March 26, 2009 - 12:54pm
What is this yellow puddle in my starter?
My wild yeast starter has been going very well for a couple of weeks now. I have used it to make breads, cakes, and pancakes. I usually keep one cup in the fridge and feed it a couple times during the week then use it for baking at the weekend. I got it out today and was ready to make a sponge. But I saw some yellow color "puddles" in my starter (stored in a lidded plastic container). I scooped out the surface and brought the starter to room temperature. I was about to feed it an hour later, to my surprise, some of that yellow liquid had return. I have never seen such development in my starter. Is that normal? Here's a picture of it.
I must say this about yellow stuff. Actually I want to say about the plastic container it's kept in. I would not use it. Especially if something else ever occupied the container. Plastic is porus. Once something gets put in it it is there forever. No matter what you do. My two friends one a nurse and the other a lab tech of some sort use to do infection control to public health workers. At some point the safety of water storage in milk bottles that were clean and rinsed came up. And out came the slides of bacteria that lived in all kinds of plastic from all sorts of things. We healthy folks can withstand a lot of that exposure but children, the elderly, medically frail and SOURDOUGH othen can not. A glass or pottery container that can be washed is a good idea. Also try not use a dirty spoon. It really does matter. Sourdough is a science project. Sorry if this seems like a lecture, I guess it is.
Happy growing and baking.
It could be hootch; that's generally yellowish in color. And a sign that your starter is underfed. But I don't know what the white spots are. Flour?
When you feed your starter, do you immediatley put it back into the refrigerator?
Mariah, I have a glass jar that I used to store my starter. I bought this plastic container for storage purpose because it has all the markings i.e. one cup, two cup etc so I could tell how much the starter has risen. I had never used this container for anything else. It's always kept in the fridge. When I take the starter out for feeding, I always washed the container and use boiling hot water to rinse the container and the lid before putting it back. I suppose I can use the old glass jar again, if plastic is the cause.
Lindy, I didn't see the white stuff when I took the picture. Wonder if it was reflection (starter was sitting right next to a big window). I feed my starter at least once every two days because my son loves pancakes for breakfast. When I want to make a sponge for pancake, I feed it with one cup of flour and water, let it rise, take one cup out and put it back in the container then put it back into the fridge. I have done this for the past three weeks and today is the first day I see this yellow stuff.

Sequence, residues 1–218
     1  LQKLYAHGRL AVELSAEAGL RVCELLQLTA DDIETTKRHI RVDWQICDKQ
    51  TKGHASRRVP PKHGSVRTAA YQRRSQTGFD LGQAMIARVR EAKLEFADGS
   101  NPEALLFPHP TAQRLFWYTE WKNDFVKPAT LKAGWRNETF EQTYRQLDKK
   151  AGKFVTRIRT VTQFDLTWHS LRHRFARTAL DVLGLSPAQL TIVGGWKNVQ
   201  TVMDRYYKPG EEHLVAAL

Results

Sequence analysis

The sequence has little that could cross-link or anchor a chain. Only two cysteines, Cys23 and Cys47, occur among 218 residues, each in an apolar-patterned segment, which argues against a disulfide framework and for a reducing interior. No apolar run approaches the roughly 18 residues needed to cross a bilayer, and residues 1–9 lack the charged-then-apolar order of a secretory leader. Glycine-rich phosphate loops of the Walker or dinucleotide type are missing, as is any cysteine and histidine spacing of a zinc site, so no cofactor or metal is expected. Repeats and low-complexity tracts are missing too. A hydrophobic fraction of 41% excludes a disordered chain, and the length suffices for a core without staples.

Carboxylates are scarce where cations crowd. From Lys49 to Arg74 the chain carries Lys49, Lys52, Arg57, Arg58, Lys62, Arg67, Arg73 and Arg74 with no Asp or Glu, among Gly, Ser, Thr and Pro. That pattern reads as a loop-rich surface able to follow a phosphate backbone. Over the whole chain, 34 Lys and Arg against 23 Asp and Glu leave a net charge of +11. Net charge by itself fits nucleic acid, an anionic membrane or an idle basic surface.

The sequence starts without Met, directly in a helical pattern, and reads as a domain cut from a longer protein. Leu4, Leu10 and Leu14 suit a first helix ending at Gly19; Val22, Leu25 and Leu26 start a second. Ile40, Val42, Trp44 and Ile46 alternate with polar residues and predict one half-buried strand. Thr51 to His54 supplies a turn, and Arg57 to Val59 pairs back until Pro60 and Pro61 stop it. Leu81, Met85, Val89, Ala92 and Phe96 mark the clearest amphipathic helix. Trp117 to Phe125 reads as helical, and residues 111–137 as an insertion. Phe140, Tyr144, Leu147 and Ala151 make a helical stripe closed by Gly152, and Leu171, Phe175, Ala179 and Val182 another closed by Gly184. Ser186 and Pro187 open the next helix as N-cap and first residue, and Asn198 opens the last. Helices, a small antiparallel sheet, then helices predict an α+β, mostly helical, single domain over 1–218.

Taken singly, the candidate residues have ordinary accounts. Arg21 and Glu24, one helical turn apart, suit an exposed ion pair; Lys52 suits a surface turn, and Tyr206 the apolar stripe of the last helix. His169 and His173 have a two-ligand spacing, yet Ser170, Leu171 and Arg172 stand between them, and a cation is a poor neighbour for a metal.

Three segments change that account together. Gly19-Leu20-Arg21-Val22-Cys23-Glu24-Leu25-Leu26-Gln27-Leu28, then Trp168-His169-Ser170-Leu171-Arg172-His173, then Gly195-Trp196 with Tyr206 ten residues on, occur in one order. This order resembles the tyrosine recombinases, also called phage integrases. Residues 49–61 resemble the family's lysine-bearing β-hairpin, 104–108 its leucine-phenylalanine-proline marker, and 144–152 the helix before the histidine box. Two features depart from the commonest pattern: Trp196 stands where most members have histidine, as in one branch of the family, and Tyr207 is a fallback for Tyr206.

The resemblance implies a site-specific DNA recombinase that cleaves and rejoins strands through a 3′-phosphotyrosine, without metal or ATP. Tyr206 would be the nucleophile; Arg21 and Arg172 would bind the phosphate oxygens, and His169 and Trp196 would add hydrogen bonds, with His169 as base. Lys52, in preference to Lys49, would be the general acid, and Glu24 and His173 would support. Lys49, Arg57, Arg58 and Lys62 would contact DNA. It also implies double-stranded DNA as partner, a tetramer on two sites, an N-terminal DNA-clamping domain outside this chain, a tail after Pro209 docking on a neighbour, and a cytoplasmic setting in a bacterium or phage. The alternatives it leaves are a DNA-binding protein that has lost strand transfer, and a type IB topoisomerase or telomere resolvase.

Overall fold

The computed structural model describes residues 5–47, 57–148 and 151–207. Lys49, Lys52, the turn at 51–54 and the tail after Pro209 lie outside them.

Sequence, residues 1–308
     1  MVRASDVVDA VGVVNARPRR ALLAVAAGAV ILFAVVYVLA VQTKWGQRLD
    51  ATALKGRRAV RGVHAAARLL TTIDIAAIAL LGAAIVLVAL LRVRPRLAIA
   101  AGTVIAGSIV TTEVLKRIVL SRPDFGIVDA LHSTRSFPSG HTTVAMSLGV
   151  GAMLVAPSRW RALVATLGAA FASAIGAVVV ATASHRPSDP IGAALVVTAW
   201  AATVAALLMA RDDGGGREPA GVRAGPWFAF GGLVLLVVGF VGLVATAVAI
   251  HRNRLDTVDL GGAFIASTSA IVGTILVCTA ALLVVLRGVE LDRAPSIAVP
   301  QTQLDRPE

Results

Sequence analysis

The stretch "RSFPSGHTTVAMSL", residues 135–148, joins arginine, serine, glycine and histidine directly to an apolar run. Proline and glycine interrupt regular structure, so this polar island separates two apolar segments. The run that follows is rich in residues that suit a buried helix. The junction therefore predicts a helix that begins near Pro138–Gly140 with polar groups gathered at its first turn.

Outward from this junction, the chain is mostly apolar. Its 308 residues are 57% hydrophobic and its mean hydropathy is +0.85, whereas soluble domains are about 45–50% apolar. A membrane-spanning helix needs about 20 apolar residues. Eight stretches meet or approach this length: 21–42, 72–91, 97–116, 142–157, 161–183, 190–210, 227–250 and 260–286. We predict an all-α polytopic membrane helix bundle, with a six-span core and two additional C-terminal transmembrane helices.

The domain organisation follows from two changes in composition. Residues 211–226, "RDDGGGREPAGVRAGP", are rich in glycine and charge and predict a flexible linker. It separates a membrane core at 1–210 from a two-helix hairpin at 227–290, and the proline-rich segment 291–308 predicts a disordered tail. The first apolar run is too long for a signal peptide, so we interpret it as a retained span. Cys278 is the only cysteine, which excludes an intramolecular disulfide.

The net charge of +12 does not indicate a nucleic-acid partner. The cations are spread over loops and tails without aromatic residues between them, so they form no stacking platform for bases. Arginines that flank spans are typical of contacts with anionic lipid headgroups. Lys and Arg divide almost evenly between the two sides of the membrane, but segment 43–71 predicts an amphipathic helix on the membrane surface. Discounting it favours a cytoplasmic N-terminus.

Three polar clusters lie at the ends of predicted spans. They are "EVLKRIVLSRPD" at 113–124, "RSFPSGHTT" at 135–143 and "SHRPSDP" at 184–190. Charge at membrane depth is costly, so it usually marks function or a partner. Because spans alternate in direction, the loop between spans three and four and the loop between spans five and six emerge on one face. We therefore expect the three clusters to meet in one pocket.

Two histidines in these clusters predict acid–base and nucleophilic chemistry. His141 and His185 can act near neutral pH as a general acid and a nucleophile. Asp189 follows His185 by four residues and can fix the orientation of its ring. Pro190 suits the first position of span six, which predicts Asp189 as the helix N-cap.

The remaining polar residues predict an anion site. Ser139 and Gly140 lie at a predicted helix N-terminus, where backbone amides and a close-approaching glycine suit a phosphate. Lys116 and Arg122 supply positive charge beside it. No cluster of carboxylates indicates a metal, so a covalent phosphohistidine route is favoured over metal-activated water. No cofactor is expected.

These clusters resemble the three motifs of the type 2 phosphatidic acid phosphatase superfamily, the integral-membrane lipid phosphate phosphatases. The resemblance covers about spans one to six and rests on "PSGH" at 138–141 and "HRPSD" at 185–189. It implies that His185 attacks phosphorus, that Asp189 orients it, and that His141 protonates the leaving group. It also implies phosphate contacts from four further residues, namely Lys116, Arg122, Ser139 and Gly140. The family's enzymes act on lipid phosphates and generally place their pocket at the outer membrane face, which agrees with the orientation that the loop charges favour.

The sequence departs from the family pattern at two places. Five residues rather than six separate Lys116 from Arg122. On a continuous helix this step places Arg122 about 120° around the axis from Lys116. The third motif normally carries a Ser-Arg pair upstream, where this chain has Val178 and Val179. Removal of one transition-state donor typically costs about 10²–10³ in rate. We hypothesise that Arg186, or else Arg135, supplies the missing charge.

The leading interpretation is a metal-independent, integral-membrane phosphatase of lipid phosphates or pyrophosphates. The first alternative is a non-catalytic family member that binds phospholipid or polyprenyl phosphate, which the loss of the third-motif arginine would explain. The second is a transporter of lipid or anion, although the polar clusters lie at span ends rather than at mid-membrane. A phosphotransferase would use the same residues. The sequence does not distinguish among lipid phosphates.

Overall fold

I have fed the starter again after posting my first post. This time I used less water than flour to made a less hydrated dough so there's no more yellow stuff, at least for now.
The yellow stuff is hooch--nothing to worry about. It does mean that your starter needs to be fed. How much old starter do you save before you feed the 1 cup flour/water? What I would recommend you do is, after you make your pancake batter discard all but 1/4 cup of the starter, feed again and then refrigerate. Don't leave it sit out for more than an hour after feeding before putting it in the fridge. What is happening is that your starter is consuming most of the nutrients in the flour before it ever gets to the fridge and then it begins to make hooch. You could also thicken it up before storage (more flour, less water) and it will have more food to snack on until the next time you use it.
Thanks SourdoLady! I believe you're right about my starter. After posting my first post, I fed my starter again and made it a thicker one. The yellow color didn't return.
I normally save one cup of starter in the fridge. When I make pancakes, I add one cup of flour with one cup of water so I will have two cups. One cup is to use for pancakes and the other cup goes back to the fridge. I left my starter out for that long becasue I would like to have a stronger flavor. My starter is only three weeks old. It has good rising strength but it's not sour enough. I thought by leaving it out longer and feeding it twice a day would do the trick. I will return my starter back into the fridge sooner from now on. Thanks for the tips.